• ITVI.USA
    15,909.400
    -330.930
    -2%
  • OTLT.USA
    2.776
    0.014
    0.5%
  • OTRI.USA
    21.610
    -0.170
    -0.8%
  • OTVI.USA
    15,915.300
    -318.010
    -2%
  • TSTOPVRPM.ATLPHL
    3.520
    0.380
    12.1%
  • TSTOPVRPM.CHIATL
    2.960
    -0.660
    -18.2%
  • TSTOPVRPM.DALLAX
    1.610
    0.250
    18.4%
  • TSTOPVRPM.LAXDAL
    3.340
    -0.130
    -3.7%
  • TSTOPVRPM.PHLCHI
    2.100
    -0.250
    -10.6%
  • TSTOPVRPM.LAXSEA
    3.860
    -0.220
    -5.4%
  • WAIT.USA
    126.000
    -2.000
    -1.6%
  • ITVI.USA
    15,909.400
    -330.930
    -2%
  • OTLT.USA
    2.776
    0.014
    0.5%
  • OTRI.USA
    21.610
    -0.170
    -0.8%
  • OTVI.USA
    15,915.300
    -318.010
    -2%
  • TSTOPVRPM.ATLPHL
    3.520
    0.380
    12.1%
  • TSTOPVRPM.CHIATL
    2.960
    -0.660
    -18.2%
  • TSTOPVRPM.DALLAX
    1.610
    0.250
    18.4%
  • TSTOPVRPM.LAXDAL
    3.340
    -0.130
    -3.7%
  • TSTOPVRPM.PHLCHI
    2.100
    -0.250
    -10.6%
  • TSTOPVRPM.LAXSEA
    3.860
    -0.220
    -5.4%
  • WAIT.USA
    126.000
    -2.000
    -1.6%
American ShipperIntermodalShippingTrade and Compliance

CSX reverses course on Howard Street Tunnel Project

The Jacksonville, Fla.-based Class I railway will not be moving forward with a project that would have allowed the tunnel, which connects to the Port of Baltimore, to accommodate double-stacked container trains.

   Maryland Department of Transportation (MDOT) Secretary Pete Rahn sent a letter to U.S. Transportation Secretary Elaine Chao on Wednesday, informing the department that CSX will not be moving forward with the Howard Street Tunnel Project in Baltimore City, and therefore, Maryland will not be submitting an INFRA grant application for the project.
   The project would have allowed the 122-year-old Howard Street Tunnel, which connects to the Port of Baltimore, to accommodate double-stacked container trains.
   The Maryland Port Administration previously said how the project would break a bottleneck that impacts the entire East Coast, and would be key to meeting the Port of Baltimore’s rapidly growing container business.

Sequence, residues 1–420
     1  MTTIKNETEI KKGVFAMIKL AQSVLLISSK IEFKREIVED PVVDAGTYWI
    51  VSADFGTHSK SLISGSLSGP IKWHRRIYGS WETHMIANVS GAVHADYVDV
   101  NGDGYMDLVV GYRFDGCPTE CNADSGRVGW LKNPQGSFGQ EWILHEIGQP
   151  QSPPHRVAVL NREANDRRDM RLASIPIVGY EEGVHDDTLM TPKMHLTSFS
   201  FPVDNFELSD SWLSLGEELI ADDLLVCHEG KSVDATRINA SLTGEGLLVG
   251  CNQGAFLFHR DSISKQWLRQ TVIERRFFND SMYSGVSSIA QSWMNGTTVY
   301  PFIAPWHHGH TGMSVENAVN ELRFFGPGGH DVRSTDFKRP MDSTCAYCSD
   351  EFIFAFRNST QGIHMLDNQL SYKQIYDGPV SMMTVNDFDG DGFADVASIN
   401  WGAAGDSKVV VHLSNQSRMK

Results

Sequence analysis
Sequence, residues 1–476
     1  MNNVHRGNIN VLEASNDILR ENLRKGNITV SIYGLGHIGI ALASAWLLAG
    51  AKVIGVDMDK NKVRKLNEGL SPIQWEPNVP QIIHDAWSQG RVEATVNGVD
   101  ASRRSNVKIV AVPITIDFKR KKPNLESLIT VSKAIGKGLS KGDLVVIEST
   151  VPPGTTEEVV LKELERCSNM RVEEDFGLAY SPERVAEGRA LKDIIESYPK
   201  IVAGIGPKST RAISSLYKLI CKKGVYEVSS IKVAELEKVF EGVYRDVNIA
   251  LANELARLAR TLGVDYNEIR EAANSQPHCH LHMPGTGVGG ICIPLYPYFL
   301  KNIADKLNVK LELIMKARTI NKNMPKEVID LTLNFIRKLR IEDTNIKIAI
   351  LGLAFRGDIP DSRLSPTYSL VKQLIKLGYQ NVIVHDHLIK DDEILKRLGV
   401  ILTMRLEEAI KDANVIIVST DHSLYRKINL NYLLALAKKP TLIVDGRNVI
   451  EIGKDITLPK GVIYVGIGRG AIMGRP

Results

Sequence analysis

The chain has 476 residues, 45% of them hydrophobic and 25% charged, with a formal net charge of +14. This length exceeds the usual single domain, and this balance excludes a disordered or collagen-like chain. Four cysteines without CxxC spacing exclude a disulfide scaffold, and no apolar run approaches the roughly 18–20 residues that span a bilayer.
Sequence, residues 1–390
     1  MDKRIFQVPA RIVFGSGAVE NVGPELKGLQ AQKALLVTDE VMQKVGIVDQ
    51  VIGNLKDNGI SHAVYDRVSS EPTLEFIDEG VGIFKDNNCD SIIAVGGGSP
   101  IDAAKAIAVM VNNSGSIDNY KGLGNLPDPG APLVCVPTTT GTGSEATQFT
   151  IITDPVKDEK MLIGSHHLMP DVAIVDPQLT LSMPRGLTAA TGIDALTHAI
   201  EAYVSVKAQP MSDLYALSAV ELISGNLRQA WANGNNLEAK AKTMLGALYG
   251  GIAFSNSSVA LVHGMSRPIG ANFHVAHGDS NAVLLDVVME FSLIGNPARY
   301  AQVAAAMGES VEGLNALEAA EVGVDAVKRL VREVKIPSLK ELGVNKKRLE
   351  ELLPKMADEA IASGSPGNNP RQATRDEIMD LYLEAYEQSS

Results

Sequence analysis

Although the project meets all four merit criteria for the INFRA grant program and the Hogan Administration supports the project, Maryland cannot pursue the project without the support of CSX, since the project was designed to improve CSX infrastructure, Rahn explained in the letter.
   Rahn described CSX’s decision to not move forward with the project to be “surprising and incredibly troubling, especially considering the countless hours and energy that have been expended by the Hogan Administration on this effort.”
   MDOT intends on working with the railway to explore other options to improve the flow of freight into and out of the Port of Baltimore, he said.
   CSX’s move to not go forward with the project was explained to MDOT as a business decision, but Rahn encouraged Chao and her team to contact the railway directly to better understand its reasoning.
   A CSX spokesperson told American Shipper Thursday, “Given the operating changes that CSX’s new leadership team has made over the last several months, and upon an updated evaluation, we determined that the Howard Street Tunnel project proposal no longer justifies the level of investment required from CSX and our public partners at this time.
   “Intermodal is an important part of CSX’s business and we are committed to supporting the freight rail needs of our customers and the Port of Baltimore through frequent, reliable, on-dock service,” the spokesperson said. “This business decision is in no way a reflection on the leadership of Governor Hogan, who has supported this initiative to the greatest degree possible on behalf of the businesses and citizens of Maryland. CSX appreciates the partnership we have developed with the State and we look forward to continuing the dialogue with our partners about our new operating plan.”

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